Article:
We calculated habitat heterogeneity as the Shannon diversity of landcover types within a two-kilometer buffer of the minimum convex polygon surrounding the camera traps at each site. Specifically, landcover classifications were obtained from Copernicus satellite data from 2015, and classifications were according to Copernicus Global Land Service Dynamic Landcover Map at 100-meter resolution (CGLS-LC100, Bucchorn et al. 2019). Landcover classifications for the habitat heterogeneity calculation included closed and open forest categories (evergreen broadleaf, deciduous broadleaf, mixed, and indeterminate for each), shrubs, herbaceous vegetation, sparse vegetation, and herbaceous wetlands. We removed landcover types associated with large bodies of water (permanent water bodies and oceans) as these would be unsuitable habitat for ground-dwelling mammals. We also removed anthropogenic landcover classifications from the calculation of this variable to prevent overlap with the anthropogenic disturbance variables.

We used published primary productivity and human disturbance values for TEAM sites from Rovero et al. 2020. Normalized difference vegetation index (NDVI), which measures plant reflectance of different wavelengths of light and indicates vegetation health, was used as a proxy of productivity and calculated over the camera trap array at each forest site. Human density was quantified within the Zone of Interaction, which incorporates land cover, elevation, waterways and anthropogenic developments to delineate the spatial extent expected to impact natural processes inside the protected area (DeFries et al. 2010).

Finally, we included the impact of local species extinction on functional richness as an additional measure of anthropogenic disturbance and as an offset to control for losses in functional richness due to extirpations that have been documented at four TEAM sites over recent decades. Specifically, Korup, Cameroon lost the leopard, golden cat and giant pangolin; Barro Colorado Island and Soberania National Park, Panama lost the white-lipped peccary, giant anteater and likely the jaguar; Bwindi Impenetrable Forest, Uganda lost the buffalo, leopard, and giant forest hog; Nam Kading, Laos lost both the tiger and leopard (38). We note that local extinctions may not necessarily impact functional diversity because of the functional redundancy that occurs in tropical forest mammal communities (48). We quantified local extinction for each TEAM site as the difference in functional richness between the functional richness of the current realized community and the functional richness of current realized community as well as the recently extirpated species.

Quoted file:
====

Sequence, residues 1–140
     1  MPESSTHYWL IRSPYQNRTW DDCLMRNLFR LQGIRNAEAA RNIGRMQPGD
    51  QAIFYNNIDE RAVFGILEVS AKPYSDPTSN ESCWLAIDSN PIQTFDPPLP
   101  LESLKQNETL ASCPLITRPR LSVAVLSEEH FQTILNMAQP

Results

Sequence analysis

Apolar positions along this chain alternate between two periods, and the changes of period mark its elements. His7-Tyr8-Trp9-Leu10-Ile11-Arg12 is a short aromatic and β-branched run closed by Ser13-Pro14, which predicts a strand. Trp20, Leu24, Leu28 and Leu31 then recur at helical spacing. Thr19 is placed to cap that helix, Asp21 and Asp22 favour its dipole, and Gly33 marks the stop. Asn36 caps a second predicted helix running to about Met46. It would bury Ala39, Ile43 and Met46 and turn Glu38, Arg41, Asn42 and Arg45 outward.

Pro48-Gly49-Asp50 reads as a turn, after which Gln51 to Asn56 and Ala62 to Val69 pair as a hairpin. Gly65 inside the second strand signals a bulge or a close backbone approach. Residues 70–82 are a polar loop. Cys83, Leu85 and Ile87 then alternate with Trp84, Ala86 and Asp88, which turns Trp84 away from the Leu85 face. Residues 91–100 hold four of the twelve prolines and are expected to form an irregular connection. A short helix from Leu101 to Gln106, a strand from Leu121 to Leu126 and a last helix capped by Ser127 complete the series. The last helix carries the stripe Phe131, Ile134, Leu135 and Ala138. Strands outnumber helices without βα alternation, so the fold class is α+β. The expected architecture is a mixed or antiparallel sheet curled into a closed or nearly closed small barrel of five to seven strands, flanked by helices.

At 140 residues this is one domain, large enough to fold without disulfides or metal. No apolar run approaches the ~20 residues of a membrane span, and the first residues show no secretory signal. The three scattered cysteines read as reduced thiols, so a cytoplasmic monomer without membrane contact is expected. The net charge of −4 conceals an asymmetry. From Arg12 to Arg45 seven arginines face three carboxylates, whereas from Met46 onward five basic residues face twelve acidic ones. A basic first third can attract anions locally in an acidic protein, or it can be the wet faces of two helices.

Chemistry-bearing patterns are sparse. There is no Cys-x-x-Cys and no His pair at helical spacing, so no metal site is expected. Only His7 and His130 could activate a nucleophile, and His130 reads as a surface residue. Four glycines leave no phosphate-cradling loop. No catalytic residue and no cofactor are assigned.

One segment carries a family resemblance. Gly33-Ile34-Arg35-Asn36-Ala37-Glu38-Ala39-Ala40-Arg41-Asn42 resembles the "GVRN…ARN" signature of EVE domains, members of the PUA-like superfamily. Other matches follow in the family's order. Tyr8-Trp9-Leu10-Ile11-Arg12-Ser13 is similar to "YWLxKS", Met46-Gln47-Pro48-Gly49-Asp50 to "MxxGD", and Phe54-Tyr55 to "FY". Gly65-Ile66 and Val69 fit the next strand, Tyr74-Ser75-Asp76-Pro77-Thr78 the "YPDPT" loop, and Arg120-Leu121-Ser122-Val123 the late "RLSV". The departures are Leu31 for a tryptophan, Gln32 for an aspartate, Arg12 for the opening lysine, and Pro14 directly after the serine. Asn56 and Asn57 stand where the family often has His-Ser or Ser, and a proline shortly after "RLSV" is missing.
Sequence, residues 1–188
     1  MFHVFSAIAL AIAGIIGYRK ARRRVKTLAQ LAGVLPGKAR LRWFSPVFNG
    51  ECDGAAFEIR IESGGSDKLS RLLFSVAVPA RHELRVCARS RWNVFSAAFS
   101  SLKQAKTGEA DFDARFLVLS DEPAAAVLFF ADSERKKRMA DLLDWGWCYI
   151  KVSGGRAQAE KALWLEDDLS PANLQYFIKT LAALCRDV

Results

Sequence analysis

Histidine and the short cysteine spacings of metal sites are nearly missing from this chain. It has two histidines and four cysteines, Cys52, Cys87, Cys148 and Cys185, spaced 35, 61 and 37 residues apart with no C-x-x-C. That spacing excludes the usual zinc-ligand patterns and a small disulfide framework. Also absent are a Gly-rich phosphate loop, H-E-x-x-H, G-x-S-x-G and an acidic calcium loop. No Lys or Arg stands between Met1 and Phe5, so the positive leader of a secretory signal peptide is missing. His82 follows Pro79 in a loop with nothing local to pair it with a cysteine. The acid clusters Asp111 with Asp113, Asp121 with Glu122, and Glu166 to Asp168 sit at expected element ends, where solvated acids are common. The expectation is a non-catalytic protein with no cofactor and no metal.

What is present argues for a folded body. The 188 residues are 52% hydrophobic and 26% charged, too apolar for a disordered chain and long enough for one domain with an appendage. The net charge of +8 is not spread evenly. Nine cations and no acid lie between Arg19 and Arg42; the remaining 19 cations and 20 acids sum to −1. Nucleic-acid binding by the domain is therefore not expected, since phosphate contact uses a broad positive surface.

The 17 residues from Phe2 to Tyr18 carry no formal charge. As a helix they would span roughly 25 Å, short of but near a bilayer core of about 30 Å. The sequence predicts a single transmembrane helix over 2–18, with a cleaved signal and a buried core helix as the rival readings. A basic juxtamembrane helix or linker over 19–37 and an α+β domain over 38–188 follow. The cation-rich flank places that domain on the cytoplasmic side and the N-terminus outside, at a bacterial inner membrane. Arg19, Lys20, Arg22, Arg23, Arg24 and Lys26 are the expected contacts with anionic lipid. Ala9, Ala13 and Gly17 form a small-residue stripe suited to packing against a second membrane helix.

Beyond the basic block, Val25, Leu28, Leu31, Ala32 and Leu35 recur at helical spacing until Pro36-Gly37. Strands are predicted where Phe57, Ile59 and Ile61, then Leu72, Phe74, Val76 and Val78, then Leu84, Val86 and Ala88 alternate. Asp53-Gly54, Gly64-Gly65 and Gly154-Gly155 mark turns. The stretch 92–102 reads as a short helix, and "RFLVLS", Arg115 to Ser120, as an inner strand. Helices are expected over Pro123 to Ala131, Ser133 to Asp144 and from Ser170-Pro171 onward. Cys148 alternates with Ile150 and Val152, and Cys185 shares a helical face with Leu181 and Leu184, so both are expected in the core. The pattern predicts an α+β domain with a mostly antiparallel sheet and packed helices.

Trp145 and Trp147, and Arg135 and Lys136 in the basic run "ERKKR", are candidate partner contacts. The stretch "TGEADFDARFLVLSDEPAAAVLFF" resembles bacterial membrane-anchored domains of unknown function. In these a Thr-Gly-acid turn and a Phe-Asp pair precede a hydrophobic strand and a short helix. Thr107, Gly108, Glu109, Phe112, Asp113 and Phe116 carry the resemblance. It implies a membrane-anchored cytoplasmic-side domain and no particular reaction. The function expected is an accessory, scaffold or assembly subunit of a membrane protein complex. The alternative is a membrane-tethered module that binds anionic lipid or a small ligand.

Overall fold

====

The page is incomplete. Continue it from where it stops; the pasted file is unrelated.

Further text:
We modeled occupancy-weighted functional dispersion and community functional richness as a function of environmental and anthropogenic predictor variables using Bayesian generalized linear regression. None of the predictor variables were highly correlated (r < 0.6) and all continuous variables were scaled and centered to produce standardized beta coefficient estimates with a mean of zero and standard deviation of one. Given the left-skew in the distribution of both functional diversity metrics, we specified a Weibull distribution for both of our models. The Weibull distribution is an unbounded continuous probability distribution that can accommodate skews and long tails in the data.  The global model consisted of all potential predictor variables, plus a categorical fixed effect for biogeographic region (Neotropics, Africa, Asia, Madagascar) to control for region-specific patterns in functional diversity. The Neotropics was the category to which all other bioregions were compared. We used the brm function from the brms (Bürkner 2017) package in R to fit the models. We visually assessed model trace plots and used Rhat criteria for convergence. We interpreted the contribution of our predictor variables to the functional diversity metrics based on whether the 95% credible interval of the parameter’s posterior distribution included zero.

To assess the importance of occupancy in functional dispersion, we also ran regression models of two additional unweighted functional dispersion calculations. Unlike occupancy-weighted functional dispersion, the additional calculations treated all species equally and did not incorporate variation in species abundances. As a result, they likely omit important ecological information about the relative abundances of functional traits.  We calculated unweighted functional dispersion using 1) presence data of the observed community from camera trap data, and separately using 2) presence data extracted from IUCN range maps.


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Usage notes

Additional files and descriptions are available on the github repository of the project.